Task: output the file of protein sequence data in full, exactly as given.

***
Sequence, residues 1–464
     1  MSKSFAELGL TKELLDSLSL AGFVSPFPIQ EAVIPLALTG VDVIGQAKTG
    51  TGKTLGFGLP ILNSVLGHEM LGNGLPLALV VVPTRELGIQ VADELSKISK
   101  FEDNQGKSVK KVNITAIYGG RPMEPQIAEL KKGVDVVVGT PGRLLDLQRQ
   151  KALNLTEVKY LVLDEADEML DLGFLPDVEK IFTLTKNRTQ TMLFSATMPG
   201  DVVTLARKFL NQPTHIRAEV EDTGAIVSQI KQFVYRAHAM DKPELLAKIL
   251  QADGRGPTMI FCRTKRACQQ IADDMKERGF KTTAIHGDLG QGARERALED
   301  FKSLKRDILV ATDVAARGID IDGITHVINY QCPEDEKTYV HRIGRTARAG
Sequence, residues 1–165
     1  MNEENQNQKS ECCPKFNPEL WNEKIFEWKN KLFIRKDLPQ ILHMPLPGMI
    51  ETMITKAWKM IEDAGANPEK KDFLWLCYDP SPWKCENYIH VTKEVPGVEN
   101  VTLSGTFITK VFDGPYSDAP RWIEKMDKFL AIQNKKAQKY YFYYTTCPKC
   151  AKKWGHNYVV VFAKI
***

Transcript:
Sequence, residues 1–464
     1  MSKSFAELGL TKELLDSLSL AGFVSPFPIQ EAVIPLALTG VDVIGQAKTG
    51  TGKTLGFGLP ILNSVLGHEM LGNGLPLALV VVPTRELGIQ VADELSKISK
   101  FEDNQGKSVK KVNITAIYGG RPMEPQIAEL KKGVDVVVGT PGRLLDLQRQ
   151  KALNLTEVKY LVLDEADEML DLGFLPDVEK IFTLTKNRTQ TMLFSATMPG
   201  DVVTLARKFL NQPTHIRAEV EDTGAIVSQI KQFVYRAHAM DKPELLAKIL
   251  QADGRGPTMI FCRTKRACQQ IADDMKERGF KTTAIHGDLG QGARERALED
   301  FKSLKRDILV ATDVAARGID IDGITHVINY QCPEDEKTYV HRIGRTARAG
Sequence, residues 1–165
     1  MNEENQNQKS ECCPKFNPEL WNEKIFEWKN KLFIRKDLPQ ILHMPLPGMI
    51  ETMITKAWKM IEDAGANPEK KDFLWLCYDP SPWKCENYIH VTKEVPGVEN
   101  VTLSGTFITK VFDGPYSDAP RWIEKMDKFL AIQNKKAQKY YFYYTTCPKC
   151  AKKWGHNYVV VFAKI